The Nazareth Page - A gospel meditation for the home
October 27th 2013 – 30th Sunday of Ordinary Time - Luke 18:9-14
Today we are invited to peer into the hearts of two people who are praying to God. The content of their prayer says something about who they really are. Genuine prayer reveals our honest self. After all, who’s kidding whom? God sees right into the center of our hearts. And how we pray reveals to God and to ourselves exactly who we are. Today’s gospel shines the light on two pray-ers. One is proudly occupying the first pew in the local house of worship. He feels he’s in exactly the right place. Right up front. Meanwhile, the second kneels just inside the back door. His basic feeling is unworthiness before God.
To those who know the mind of Jesus, we immediately understand who “the worthy one” in this story really is. The puffed-up fellow in front is filled with himself. Or, as we sometimes say today, he is ego-centered. He may seem very religious, but inside there’s not much substance. The prayerful one in the back is a tax collector. He hopes that God is listening to someone like himself. He’s not sure. He is less filled with himself.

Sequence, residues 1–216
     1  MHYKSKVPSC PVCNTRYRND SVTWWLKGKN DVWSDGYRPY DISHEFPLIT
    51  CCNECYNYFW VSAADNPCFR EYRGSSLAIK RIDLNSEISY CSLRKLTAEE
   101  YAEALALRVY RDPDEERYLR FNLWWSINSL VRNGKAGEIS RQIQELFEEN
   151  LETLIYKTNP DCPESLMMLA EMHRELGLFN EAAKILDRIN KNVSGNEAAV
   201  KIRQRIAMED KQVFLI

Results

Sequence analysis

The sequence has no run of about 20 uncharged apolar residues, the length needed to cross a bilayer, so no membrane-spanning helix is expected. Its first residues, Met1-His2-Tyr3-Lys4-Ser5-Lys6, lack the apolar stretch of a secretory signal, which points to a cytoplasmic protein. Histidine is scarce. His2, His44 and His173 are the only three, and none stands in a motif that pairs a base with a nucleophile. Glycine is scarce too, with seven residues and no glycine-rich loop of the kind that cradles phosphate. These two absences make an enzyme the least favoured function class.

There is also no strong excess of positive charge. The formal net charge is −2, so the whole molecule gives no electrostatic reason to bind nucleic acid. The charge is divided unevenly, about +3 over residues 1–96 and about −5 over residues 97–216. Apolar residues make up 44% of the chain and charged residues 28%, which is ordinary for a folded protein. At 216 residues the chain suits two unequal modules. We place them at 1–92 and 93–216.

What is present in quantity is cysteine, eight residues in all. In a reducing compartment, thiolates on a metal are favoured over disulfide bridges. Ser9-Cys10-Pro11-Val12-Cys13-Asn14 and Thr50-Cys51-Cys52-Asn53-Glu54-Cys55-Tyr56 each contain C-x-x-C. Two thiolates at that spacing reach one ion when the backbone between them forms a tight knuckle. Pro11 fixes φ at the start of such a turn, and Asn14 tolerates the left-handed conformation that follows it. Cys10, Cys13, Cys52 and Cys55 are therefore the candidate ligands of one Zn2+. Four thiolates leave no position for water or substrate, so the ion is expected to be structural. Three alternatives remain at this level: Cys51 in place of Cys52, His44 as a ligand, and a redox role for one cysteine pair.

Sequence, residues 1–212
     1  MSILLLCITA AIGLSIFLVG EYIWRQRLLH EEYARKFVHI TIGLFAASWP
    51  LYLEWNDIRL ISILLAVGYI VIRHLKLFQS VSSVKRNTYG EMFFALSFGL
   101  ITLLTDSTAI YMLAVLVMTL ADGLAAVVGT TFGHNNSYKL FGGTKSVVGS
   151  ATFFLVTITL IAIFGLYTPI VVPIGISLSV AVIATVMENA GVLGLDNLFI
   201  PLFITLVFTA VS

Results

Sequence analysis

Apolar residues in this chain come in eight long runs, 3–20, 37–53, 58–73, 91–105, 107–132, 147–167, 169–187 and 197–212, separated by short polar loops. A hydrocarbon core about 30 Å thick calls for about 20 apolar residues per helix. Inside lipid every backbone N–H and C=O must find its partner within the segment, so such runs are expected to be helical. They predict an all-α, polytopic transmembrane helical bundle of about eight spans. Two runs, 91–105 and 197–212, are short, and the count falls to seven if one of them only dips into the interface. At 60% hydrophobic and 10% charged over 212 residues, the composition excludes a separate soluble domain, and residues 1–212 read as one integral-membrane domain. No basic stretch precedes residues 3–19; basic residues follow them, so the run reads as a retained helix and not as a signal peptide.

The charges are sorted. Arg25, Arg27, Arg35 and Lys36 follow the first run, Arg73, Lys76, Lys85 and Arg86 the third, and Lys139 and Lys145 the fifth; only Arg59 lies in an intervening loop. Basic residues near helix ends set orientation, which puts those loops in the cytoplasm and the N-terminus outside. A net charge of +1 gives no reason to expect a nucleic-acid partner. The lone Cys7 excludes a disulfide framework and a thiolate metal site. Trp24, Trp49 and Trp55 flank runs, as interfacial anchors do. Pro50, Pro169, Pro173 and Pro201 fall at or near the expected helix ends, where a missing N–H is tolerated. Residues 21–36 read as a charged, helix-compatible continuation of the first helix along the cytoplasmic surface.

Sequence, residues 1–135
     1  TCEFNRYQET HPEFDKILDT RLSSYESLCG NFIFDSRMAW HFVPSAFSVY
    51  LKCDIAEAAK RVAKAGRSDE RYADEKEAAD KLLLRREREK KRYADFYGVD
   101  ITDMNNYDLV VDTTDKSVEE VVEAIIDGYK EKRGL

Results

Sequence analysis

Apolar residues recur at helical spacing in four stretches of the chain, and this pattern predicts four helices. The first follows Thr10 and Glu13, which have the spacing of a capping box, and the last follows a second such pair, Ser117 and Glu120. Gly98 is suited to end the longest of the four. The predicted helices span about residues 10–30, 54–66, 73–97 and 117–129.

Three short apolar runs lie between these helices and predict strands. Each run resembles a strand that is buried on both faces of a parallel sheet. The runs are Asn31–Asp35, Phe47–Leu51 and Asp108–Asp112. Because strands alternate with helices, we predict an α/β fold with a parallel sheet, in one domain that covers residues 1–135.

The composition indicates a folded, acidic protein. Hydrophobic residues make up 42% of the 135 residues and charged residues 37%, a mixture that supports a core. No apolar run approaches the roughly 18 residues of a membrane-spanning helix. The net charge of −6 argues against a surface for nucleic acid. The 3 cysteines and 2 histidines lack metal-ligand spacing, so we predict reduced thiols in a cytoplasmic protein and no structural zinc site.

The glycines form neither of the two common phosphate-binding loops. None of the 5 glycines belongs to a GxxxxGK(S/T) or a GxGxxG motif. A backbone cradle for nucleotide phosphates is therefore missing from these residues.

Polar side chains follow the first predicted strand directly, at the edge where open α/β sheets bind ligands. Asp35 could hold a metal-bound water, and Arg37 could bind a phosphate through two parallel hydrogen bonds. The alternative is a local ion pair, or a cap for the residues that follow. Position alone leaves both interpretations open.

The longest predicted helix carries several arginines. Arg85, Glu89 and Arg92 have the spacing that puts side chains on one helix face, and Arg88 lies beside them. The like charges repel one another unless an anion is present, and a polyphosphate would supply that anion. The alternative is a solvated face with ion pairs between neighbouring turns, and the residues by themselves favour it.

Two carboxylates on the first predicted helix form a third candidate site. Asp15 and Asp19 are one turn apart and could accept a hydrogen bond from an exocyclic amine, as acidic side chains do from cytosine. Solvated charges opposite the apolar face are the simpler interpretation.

Now notice their prayers. Mr. Front Row uses prayer to build up his ego while he puts others down. The humble man in the shadows offers God his sincere thoughts and feelings. He asks for forgiveness. The first focuses on his accomplishments, which he attributes mostly to himself. The other was emptied of ego, which left plenty of room for God to enter his being. He asked for help because he knew that he deeply depends on God for forgiveness and survival. Sounds a bit like Pope Francis, doesn’t he?
Somewhat foolishly, our culture and society tend to praise those who accomplish great feats, especially if they do it alone. We teach our kids to be independent. We praise them for everything, from their first steps to getting high grades and eventually to securing great jobs. Congratulations, we say. You did it all by yourself. Really? Is that the way it is? Or do we always need God’s help.
One of the blessings of family life is that we often have to depend on each other. When we ask for help, we do so without apology. We gladly help each other – well, most of the time. We are truly members of God’s family. And guess what?” God wants to help us.
©David Thomas, PhD (firstname.lastname@example.org)